I've always maintained that if you don't like the weather in upstate New York, just wait a minute and it will change. Such was the case last week when the temperatures shot up into the low 60's which was followed by a huge wind and rain storm that ushered in more normal weather for this time of the year (whatever normal means in this neck of the woods). Looking out of the window at the poor trees waving back and forth in 50+ MPH wind gusts while the warm rain pelted down, I couldn't help but feel sorry for them. Here they were, quietly enjoying their own version of winter hibernation, and along comes this freak, summer-like storm to jar them our of their sleep. From there it was only a short trip to this thought: "I wonder if trees can dream?"
I've read dozens of different articles and blog posts about the idea that trees can communicate with each other and with us. If that is true, then wouldn't it also be possible that they sleep, and, therefore, dream? Here they are after a long of season of blooming, producing food, shelter and much needed oxygen for the planet, followed by all that work of dropping their leaves and finally settling their roots down for a long winter's nap. So why shouldn't they dream? And if they do, what would they dream about?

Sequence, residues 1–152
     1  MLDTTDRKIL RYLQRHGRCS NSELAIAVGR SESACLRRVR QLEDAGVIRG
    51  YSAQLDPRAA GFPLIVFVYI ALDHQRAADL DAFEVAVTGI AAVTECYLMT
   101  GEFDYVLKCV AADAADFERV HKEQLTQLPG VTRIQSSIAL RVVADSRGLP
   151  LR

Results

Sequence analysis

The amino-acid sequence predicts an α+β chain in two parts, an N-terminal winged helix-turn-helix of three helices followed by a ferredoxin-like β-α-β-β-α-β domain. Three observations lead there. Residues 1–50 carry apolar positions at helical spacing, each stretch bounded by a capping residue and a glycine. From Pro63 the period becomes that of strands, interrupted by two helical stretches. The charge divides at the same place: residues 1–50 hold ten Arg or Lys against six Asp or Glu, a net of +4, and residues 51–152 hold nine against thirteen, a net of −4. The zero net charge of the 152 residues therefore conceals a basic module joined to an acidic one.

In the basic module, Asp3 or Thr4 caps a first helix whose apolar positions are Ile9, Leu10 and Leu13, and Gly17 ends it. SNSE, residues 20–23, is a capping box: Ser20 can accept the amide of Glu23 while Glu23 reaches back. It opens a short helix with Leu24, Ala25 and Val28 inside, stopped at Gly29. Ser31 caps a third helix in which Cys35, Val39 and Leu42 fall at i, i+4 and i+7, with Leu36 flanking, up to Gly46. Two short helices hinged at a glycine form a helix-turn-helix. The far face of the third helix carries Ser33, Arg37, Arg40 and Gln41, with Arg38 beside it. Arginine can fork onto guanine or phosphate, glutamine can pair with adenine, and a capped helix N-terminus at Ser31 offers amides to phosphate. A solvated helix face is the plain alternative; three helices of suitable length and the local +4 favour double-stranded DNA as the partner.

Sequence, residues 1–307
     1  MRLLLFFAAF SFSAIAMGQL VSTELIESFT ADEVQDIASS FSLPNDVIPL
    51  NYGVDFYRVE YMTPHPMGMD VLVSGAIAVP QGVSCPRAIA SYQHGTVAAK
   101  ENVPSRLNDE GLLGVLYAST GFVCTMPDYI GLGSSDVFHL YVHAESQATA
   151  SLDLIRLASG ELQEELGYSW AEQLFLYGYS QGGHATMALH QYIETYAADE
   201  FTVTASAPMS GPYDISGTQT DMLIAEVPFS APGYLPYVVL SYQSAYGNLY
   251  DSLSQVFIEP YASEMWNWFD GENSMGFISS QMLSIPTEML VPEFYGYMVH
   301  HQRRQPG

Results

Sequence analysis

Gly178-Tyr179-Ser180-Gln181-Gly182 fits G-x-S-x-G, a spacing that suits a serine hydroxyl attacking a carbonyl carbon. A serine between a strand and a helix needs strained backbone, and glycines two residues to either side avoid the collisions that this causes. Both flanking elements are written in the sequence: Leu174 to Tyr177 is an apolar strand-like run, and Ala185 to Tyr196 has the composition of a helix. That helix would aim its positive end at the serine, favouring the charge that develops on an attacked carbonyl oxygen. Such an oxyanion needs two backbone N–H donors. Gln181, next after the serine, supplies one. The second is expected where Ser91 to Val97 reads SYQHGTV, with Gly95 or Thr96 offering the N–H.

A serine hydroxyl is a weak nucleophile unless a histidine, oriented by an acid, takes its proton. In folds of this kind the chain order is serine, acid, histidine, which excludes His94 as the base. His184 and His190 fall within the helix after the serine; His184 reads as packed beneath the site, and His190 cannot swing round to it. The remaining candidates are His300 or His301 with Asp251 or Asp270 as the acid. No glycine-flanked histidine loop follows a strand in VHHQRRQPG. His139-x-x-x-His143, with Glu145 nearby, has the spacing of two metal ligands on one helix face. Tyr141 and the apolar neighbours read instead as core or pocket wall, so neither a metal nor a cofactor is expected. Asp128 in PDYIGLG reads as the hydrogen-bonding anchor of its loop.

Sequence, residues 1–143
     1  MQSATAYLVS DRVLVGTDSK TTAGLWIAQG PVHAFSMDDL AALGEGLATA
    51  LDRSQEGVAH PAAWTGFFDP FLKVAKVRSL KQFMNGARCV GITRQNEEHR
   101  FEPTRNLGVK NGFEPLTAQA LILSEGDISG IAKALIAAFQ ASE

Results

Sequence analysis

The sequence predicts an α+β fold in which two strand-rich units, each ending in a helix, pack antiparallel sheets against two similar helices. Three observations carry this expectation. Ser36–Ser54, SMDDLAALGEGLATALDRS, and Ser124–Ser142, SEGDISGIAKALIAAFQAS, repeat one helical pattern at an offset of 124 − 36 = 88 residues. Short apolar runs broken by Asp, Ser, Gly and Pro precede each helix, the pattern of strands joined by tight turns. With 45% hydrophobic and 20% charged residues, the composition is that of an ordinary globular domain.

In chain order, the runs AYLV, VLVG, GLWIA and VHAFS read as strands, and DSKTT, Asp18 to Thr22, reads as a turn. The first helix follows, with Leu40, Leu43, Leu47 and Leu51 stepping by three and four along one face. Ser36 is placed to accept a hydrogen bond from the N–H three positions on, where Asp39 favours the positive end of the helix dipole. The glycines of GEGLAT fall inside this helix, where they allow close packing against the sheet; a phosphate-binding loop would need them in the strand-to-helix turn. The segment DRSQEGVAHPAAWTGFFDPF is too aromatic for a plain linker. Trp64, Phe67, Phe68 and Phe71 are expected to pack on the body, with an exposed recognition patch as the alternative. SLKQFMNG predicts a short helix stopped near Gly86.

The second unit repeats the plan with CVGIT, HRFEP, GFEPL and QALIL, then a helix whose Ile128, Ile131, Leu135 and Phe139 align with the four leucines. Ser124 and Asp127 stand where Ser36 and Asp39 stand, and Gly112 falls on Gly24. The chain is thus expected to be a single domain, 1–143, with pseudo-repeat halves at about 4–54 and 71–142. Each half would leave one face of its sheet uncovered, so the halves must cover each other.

If I were a tree, I would dream about that first breath of fresh air when spring starts to make it's arrival known, when the sun feels warm on our branches and our roots start to wake from their winter slumber. I'd dream about new birth, new growth, and a call to "branch out" and do what we were put here to do. I'd dream about new beginnings.
Come to think of it, what trees may dream isn't so very different from what we humans dream after all. We all spend the winter hunkered down dreaming of spring, new birth, and new beginnings. We all want to stand in the sun once more. Wow. Maybe the trees have been communicating with us all along and we were just too asleep in our own lives to hear them. I think I'll go sit by the window, look at the trees, and listen ... who knows what I might hear?
And so it is.